Monday, June 28, 2010 | 2 a.m.
The, shall we say, contentious relationship between Clark County Commissioner Rory Reid and the county’s firefighters union is well-known.
As the commission seeks to reduce overtime and other costs associated with firefighter pay, the union has made Reid its top target to attack that effort.
“Doubtful” might not be strong enough a word to describe Reid’s chances at earning the union’s endorsement in his gubernatorial bid this year.
But would the union go for an endorsement of Reid’s Republican rival, Brian Sandoval?
Rusty McAllister, president of the Professional Firefighters of Nevada, said the association is seeking an endorsement interview with Sandoval.
A union with staunch Democratic leadership endorsing a Republican? Well, it’s not outside the realm of possibility. The firefighters endorsed Sandoval in his 2004 race for attorney general, McAllister said.
But would they back Sandoval’s efforts to reduce retirement benefits for public employees, as he proposed in his short-term deficit solution? And what about his efforts before the Nevada Supreme Court to keep executive branch employees from serving in the Legislature?
Suppose we’ll see how deep the firefighters’ anger at Reid goes.
Provoking a fight? It didn’t work
Reid’s weeklong effort to get in front of the anticipated release of Sandoval’s education plan fizzled without a peep from Sandoval.
Reid spent the week lobbing news releases at Sandoval, accusing him of seeking to lay off 20 percent of the state’s teachers. Reid also released an education-focused television ad, the first of the general election season.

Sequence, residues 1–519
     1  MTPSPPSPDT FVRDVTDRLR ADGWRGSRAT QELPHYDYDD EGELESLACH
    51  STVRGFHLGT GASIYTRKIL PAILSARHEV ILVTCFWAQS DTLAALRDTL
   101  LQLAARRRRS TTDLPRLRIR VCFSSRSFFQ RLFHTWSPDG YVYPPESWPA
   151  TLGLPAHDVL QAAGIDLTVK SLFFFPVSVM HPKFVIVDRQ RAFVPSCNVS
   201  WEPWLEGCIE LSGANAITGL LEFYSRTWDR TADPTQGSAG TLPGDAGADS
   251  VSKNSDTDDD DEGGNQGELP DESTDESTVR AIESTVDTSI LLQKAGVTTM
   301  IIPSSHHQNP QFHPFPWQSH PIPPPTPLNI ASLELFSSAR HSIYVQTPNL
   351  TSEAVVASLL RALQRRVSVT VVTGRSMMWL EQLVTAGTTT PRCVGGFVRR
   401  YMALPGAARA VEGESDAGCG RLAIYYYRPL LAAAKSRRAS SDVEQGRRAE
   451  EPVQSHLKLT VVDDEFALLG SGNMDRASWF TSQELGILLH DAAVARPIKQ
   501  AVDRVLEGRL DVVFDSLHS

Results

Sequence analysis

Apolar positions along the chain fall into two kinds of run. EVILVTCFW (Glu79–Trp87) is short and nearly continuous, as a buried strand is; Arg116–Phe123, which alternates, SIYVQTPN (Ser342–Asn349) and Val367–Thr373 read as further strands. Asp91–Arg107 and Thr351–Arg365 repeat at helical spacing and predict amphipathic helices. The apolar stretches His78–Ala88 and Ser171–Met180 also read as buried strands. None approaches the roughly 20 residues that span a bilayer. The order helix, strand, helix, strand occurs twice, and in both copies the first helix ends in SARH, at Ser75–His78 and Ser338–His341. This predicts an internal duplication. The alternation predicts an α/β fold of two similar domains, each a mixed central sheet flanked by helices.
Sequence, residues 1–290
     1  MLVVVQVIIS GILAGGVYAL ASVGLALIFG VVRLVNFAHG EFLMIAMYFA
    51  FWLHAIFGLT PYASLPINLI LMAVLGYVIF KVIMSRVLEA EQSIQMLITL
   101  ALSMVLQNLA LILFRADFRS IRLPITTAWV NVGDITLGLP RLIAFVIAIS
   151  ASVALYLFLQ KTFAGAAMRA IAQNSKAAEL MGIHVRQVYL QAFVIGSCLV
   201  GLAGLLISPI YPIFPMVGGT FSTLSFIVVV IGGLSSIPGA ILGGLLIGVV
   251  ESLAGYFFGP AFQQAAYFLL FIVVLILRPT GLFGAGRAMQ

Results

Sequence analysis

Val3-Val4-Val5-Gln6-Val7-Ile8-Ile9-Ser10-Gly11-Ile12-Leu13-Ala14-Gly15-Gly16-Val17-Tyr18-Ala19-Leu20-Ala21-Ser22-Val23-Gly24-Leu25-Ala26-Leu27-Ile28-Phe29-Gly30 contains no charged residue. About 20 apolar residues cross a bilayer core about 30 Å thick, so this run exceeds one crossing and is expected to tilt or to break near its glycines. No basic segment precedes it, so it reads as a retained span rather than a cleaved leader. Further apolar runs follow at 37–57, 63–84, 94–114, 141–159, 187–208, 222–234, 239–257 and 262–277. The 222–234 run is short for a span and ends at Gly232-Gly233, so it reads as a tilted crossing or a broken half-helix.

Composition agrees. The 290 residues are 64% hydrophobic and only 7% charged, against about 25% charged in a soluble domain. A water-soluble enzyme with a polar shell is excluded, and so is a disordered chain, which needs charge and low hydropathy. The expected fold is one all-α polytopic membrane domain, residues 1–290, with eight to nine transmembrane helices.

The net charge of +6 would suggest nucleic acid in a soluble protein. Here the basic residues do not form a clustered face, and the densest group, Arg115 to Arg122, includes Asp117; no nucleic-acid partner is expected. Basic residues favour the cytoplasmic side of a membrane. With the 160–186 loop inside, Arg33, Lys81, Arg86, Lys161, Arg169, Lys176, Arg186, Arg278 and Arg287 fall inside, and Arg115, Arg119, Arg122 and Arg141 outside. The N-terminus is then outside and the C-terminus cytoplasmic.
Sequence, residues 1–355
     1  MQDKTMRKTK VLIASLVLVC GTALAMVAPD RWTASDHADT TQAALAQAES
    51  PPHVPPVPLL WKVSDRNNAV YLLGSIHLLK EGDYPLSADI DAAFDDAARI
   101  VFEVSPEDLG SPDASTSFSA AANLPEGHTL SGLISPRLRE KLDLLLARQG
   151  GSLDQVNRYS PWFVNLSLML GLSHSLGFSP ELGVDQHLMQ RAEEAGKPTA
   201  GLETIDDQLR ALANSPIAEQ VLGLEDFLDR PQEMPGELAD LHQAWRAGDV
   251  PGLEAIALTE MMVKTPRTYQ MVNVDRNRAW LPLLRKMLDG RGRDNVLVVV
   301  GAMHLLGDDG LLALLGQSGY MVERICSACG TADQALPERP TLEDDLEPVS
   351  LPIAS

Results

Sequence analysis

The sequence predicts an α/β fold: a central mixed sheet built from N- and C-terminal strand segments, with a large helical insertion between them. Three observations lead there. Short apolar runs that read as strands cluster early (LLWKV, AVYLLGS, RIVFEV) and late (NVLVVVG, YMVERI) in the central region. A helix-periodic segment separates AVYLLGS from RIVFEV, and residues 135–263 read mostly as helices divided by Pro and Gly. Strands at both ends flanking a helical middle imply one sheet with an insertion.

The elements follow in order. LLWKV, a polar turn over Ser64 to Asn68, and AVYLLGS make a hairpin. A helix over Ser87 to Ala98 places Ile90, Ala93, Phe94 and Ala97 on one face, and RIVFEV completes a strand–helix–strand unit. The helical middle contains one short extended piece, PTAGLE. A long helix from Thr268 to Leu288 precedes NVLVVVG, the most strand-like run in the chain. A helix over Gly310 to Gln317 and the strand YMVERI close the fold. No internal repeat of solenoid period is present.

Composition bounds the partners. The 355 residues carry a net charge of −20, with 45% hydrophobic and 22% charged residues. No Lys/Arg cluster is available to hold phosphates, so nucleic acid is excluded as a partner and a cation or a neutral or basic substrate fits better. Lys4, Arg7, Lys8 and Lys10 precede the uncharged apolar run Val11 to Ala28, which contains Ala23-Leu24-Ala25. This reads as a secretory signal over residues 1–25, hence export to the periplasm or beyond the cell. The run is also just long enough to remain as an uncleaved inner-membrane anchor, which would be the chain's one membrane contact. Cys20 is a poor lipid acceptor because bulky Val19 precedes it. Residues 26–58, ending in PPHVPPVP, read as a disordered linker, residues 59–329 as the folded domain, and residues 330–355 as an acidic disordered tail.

Down more than 20 points in recent public polls, Reid’s campaign hopes to goad Sandoval into engaging on an issue it sees as beneficial to them.
Sandoval has been on a months-long tour of schools in the state and is preparing his own detailed education plan. But the week passed with nary a word from the campaign.
His campaign spokeswoman Mary-Sarah Kinner said the plan is being developed and will be released when it’s ready.
As for Reid’s claim — based on numbers from Sandoval’s “short-term deficit solution” — that Sandoval wants to lay off teachers? Kinner said the plan was carefully crafted to avoid a single layoff.
File this under ‘mistake’
Just before the primary, Secretary of State Ross Miller went to court to halt a Republican group from running ads supporting GOP gubernatorial candidate Brian Sandoval on the basis it hadn’t registered as a political action committee in Nevada.
In the wake of that case, a reader decided to check the filing status of the Keystone Corp., a Las Vegas-based nonprofit group dedicated to supporting conservative candidates in state legislative and gubernatorial races.
Keystone, founded by businessman Monte Miller (no relation to the secretary of state), has already put out a slew of endorsements in those races and has contributed money to candidates. Turns out Keystone, however, is not registered as an active PAC.
The organization is not up-to-date with its corporate filings and is listed as being in default, which just means it needs to get current with its paperwork. And it had no PAC registration.
The organization, however, had been filing its required contribution and expense forms. But those forms listed a defunct phone number and e-mail address.
So, what gives, the reader wondered. If Ross Miller was going to court to stop Virginia-based Alliance for America’s Future, why was Keystone free to engage in its own political activity?
In a brief interview last week, Monte Miller said the group accidentally filed the wrong corporate filing paperwork. He said he’d be overnighting the correct paperwork and a $75 check to the secretary of state to bring the group into compliance.